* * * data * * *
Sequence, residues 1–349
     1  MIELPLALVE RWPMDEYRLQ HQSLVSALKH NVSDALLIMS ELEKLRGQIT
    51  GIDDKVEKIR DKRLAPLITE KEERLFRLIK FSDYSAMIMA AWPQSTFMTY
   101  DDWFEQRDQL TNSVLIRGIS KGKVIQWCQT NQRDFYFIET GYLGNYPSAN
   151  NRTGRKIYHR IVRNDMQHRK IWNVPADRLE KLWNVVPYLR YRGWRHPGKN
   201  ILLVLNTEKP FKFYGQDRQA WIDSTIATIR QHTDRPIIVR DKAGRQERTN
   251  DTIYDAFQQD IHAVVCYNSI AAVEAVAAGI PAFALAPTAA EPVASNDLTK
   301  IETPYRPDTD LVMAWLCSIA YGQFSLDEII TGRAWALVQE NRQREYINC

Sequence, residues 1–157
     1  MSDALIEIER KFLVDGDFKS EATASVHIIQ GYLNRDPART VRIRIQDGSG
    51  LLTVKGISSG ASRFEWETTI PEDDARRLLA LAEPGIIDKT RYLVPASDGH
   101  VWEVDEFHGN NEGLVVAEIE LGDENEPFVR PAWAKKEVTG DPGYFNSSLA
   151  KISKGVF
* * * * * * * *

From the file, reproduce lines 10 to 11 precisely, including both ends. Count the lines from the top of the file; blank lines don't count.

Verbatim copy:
     1  MSDALIEIER KFLVDGDFKS EATASVHIIQ GYLNRDPART VRIRIQDGSG
    51  LLTVKGISSG ASRFEWETTI PEDDARRLLA LAEPGIIDKT RYLVPASDGH